Like the original X series, this film showcases some of cinema’s (and TV’s) most talented on-the-rise actors. The most prolific one is probably Taylor-Joy who has bounced between “indie” flicks (THE WITCH and this year’s EMMA.) and studio fare (SPLIT and GLASS). As Illyana (AKA Majik in the comics series), she commands the screen with her charismatic take on the school’s “cool bad girl” ( memories of Jolie in GIRL, INTERRUPTED) even as we’re trying to place that “wonky” accent (guessing Eastern Europe transplant in the Bronx). No wonder she’s so busy since Ms. Taylor-Joy appears to be having a blast, delivering “burns’ and dashing into battle like a golden-haired knight. On the other end, there’s the quiet work of Williams who’s in constant conflict over her “gift” and her sexuality as both go against her strict religious training. Her Rahne (AKA Wolfsbane) isn’t comfortable in her own skin (and sometimes fur) until she connects with Hunt’s Danni (AKA Mirage), who is dealing with extreme loss while searching for the truth about her troubled past. Hunt expertly conveys her confused unstable mindset. That’s part of what troubles Heaton as Sam (AKA Cannonball) whose dark brooding demeanor stem from the collateral damage of his abilities. While he’s all darkness, Zaga as Roberto (AKA Sunspot) puts up a facade as the fun-loving “playa” but tries to suppress the visions of his out-of-his-control power, which he believes is a true curse. Pulling the strings in her unseen office, Braga as Reyes exudes the air of the unemotional researcher, but often resorts to the passive/aggressive manipulations of Nurse Ratched, cooly trying to clamp the lid down on her own deadly “cuckoo’s nest”. Though Braga is consistently aloof, this heroes’ origin tale needs a more dynamic antagonist.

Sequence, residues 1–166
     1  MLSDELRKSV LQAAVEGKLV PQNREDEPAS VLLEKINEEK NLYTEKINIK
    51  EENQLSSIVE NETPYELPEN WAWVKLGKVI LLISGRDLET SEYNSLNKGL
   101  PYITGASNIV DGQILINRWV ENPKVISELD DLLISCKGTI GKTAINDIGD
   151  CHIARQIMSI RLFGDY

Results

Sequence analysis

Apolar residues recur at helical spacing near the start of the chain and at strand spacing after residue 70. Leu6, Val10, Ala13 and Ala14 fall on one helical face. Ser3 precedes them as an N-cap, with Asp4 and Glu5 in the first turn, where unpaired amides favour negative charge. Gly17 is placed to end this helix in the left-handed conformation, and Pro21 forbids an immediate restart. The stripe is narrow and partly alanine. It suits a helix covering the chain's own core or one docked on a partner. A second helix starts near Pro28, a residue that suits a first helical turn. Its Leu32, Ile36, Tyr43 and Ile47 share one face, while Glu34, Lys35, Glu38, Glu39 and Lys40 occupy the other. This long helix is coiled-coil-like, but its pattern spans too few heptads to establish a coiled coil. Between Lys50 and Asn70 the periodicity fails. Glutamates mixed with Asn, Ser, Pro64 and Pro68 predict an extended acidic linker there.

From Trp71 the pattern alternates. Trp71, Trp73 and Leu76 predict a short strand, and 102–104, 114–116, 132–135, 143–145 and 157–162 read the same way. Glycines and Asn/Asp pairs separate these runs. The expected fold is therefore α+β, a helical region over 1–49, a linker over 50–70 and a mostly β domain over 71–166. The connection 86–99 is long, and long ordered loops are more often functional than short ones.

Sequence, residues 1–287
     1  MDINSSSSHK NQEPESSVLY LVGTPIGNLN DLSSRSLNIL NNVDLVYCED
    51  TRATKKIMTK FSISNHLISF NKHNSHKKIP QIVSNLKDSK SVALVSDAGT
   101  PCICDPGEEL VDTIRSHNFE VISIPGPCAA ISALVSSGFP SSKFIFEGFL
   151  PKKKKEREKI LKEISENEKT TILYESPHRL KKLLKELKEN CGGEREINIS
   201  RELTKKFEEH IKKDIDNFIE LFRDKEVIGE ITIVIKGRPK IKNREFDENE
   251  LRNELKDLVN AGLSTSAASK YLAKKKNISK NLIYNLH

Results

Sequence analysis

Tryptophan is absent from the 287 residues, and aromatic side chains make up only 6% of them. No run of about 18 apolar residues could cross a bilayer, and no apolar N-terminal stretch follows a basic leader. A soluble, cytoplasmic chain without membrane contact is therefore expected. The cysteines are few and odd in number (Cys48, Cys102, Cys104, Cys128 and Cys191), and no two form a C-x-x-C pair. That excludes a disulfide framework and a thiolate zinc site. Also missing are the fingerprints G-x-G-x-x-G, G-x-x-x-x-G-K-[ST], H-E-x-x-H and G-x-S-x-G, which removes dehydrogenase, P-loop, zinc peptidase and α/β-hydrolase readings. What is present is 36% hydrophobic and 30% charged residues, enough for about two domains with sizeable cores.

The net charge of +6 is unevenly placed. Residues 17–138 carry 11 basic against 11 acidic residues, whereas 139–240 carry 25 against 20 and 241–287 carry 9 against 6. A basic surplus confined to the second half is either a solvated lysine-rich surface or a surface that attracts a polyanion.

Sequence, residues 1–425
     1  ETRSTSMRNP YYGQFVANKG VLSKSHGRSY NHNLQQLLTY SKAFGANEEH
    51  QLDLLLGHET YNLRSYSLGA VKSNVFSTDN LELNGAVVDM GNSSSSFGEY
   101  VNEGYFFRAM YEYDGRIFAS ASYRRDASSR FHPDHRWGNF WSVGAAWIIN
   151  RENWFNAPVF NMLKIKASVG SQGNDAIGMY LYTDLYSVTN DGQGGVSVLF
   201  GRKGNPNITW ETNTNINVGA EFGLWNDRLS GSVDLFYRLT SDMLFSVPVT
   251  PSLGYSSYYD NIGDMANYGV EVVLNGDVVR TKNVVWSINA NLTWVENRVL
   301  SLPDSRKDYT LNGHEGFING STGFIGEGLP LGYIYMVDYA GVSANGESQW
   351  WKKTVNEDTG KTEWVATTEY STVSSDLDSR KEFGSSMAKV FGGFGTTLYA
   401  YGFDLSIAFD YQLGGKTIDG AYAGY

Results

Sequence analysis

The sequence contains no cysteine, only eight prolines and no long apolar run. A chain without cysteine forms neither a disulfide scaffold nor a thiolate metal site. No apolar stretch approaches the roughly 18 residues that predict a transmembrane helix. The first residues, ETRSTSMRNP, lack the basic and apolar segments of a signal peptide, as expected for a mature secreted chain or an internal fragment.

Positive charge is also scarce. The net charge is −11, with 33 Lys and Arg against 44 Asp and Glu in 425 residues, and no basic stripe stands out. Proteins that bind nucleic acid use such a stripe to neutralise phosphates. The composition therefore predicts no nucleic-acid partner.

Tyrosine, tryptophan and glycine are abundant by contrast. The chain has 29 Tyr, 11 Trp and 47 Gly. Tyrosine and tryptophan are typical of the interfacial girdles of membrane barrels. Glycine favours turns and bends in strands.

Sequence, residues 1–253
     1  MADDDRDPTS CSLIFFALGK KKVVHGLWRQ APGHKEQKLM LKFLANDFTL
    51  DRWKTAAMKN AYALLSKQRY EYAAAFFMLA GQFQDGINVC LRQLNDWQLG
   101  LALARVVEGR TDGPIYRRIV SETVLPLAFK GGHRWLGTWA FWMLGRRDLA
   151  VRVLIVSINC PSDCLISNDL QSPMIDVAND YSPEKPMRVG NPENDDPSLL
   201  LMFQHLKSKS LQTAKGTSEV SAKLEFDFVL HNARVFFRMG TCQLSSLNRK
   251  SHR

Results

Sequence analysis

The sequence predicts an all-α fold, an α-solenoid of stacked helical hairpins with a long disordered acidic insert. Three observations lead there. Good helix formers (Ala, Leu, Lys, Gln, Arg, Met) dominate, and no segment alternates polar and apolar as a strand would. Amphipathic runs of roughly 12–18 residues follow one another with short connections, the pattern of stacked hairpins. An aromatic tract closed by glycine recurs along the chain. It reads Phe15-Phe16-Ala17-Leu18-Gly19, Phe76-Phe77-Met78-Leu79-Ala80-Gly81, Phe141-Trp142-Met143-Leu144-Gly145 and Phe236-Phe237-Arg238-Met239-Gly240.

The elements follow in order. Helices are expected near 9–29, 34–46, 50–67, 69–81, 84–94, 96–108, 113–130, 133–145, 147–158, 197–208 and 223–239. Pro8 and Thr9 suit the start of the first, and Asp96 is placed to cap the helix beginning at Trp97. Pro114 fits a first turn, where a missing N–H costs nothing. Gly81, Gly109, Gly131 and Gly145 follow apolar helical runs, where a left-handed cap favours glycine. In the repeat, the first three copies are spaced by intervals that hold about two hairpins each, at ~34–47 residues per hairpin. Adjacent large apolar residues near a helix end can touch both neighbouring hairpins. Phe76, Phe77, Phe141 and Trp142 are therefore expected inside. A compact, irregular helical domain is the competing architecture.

Director Josh Boone has taken a very different approach to that superhero origin tale, combing it with a 1980s haunted house tale, or closer to the Elm Street series, as rebellious teens are separated to face their fears. Since they’re mutants they are better prepared to stand their ground than the “fodder for Freddie K”. It’s not until the somewhat rushed final show-down when they truly bond, certainly more than in their “Reyes is out so let’s frolic” sequence. Although that’s the only time they really make mention of the “X-Team” we all know so well (Roberto twirls around in a wheelchair as he puts his hand on his temple in the Prof’s familiar pose). Everything seems to be hastily chopped and pasted (maybe to get the PG-13 rating rather than the R), from the romance of Rahne and Danni (it’s hinted at early as they enjoy some Willow and Tara action from the vastly superior TV series of “Buffy the Vampire Slayer”, which is always playing on their rec room DVD set-up) to the big “beastie” throw-down in limbo (complete with a twitchy CGI dragon-baby). Still, this is a better flick than the spectacular flame-out that was X-MEN: DARK PHOENIX last year, if just for its 94-minute run-time (the former went on and on and…). And so, the twenty-year reign of Lauren Shuler-Donner mutant movies staggers (it was originally pegged for April of 18) to a close. Now Kevin Feige and his crew will devise a new X-series and its spin-offs (the “rumor mill” seems to want Taron Egerton as the new Logan). Till then, these teens that form THE NEW MUTANTS will send those “gifted youngsters” into the “franchise horizon”.
Two Out of Four